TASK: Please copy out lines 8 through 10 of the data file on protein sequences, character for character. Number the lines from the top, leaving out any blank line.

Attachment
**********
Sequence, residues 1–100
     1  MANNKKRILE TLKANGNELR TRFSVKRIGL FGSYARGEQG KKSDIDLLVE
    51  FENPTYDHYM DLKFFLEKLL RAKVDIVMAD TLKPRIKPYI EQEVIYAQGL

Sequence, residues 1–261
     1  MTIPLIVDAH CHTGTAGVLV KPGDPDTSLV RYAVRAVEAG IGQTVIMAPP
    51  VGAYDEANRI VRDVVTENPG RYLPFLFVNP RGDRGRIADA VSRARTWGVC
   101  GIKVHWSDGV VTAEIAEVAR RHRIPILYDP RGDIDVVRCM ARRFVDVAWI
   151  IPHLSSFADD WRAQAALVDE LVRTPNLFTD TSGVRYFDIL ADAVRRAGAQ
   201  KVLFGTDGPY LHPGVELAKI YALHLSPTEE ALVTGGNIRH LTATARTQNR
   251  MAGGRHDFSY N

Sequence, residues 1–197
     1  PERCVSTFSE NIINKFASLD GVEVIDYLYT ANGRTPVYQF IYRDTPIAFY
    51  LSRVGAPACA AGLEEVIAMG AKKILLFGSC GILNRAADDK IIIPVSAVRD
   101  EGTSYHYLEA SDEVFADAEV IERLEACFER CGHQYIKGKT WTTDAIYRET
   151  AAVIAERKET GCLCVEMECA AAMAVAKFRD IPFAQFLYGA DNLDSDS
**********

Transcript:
   151  IPHLSSFADD WRAQAALVDE LVRTPNLFTD TSGVRYFDIL ADAVRRAGAQ
   201  KVLFGTDGPY LHPGVELAKI YALHLSPTEE ALVTGGNIRH LTATARTQNR
   251  MAGGRHDFSY N